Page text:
I’m pleased you were able to find a health care plan. I was in the same boat over a year ago when I was out of work and could only afford a super high deductible plan. I was just hoping that my kids and I could stay well until I found a job with an employer subsidized plan – one of the reasons I think that health care and employment should be divorced from each other.

    • You are correct on Mayo being out-of-network with nearly every plan.

      Since I’m self-employed, I’m in that difficult situation, too, of not having employer subsidized health insurance. My husband’s employer pays half of his premium, which is not a lot, but at least it’s something.

      That’s an interesting point you bring up–divorcing healthcare and employment. If I didn’t have access to health insurance through my husband’s work, I’d certainly qualify for much more assistance than $18/month. But, bottom line, our family can’t afford to put myself and our son on that employer’s health plan with zero employer contribution toward family coverage.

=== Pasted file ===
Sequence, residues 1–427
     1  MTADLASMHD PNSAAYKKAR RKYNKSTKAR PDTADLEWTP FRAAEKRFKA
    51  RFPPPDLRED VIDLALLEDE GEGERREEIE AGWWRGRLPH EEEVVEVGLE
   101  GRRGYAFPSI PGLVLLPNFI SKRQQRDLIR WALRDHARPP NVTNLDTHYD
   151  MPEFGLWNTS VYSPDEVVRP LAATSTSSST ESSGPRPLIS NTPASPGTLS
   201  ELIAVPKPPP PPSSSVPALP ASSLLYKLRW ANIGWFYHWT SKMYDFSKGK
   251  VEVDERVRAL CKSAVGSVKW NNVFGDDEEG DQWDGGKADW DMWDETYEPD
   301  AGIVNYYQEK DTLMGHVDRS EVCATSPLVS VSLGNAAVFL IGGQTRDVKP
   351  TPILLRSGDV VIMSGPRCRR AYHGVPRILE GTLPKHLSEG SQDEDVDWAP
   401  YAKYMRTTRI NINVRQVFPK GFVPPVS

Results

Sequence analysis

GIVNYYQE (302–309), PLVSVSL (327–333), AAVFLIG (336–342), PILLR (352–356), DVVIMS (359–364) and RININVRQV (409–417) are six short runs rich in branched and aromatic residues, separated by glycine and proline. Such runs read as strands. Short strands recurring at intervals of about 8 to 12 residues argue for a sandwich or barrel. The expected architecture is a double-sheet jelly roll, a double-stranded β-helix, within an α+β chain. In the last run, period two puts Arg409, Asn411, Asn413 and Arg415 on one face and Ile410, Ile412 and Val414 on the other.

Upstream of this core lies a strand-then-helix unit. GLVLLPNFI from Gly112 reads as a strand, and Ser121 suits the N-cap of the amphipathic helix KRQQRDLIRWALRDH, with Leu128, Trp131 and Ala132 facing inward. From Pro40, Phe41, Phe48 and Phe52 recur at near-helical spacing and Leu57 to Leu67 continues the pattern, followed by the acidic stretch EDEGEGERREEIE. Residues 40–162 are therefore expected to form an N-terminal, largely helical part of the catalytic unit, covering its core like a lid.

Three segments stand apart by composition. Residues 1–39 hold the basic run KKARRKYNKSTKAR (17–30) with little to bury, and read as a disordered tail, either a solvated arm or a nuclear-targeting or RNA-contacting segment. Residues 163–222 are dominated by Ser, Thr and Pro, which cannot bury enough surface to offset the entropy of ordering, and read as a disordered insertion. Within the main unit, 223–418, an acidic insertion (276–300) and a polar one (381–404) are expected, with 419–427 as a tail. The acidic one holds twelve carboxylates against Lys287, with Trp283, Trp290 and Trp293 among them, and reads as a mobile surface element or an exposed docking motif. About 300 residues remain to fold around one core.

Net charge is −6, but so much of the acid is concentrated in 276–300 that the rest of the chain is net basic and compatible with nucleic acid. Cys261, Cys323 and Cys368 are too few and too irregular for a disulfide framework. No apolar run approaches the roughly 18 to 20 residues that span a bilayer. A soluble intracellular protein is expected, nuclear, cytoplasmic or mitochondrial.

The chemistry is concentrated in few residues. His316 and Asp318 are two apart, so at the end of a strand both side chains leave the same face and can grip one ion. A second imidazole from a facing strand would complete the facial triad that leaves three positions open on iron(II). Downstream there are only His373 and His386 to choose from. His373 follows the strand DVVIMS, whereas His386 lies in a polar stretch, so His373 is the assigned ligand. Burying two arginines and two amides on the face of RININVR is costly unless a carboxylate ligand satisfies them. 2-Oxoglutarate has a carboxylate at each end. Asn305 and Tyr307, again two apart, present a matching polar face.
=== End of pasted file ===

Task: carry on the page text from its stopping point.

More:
3. Insurance is a pain in the butt and acts like a part-time job at times. I have a new HSA provider this year and hoping that it is much better than the past few years (here is my part-time job). The cost is so not affordable for a year and it amazes me what is paid out of pocket towards the end of the year too. Wishing You the Best!

  4. hotlyspiced Says: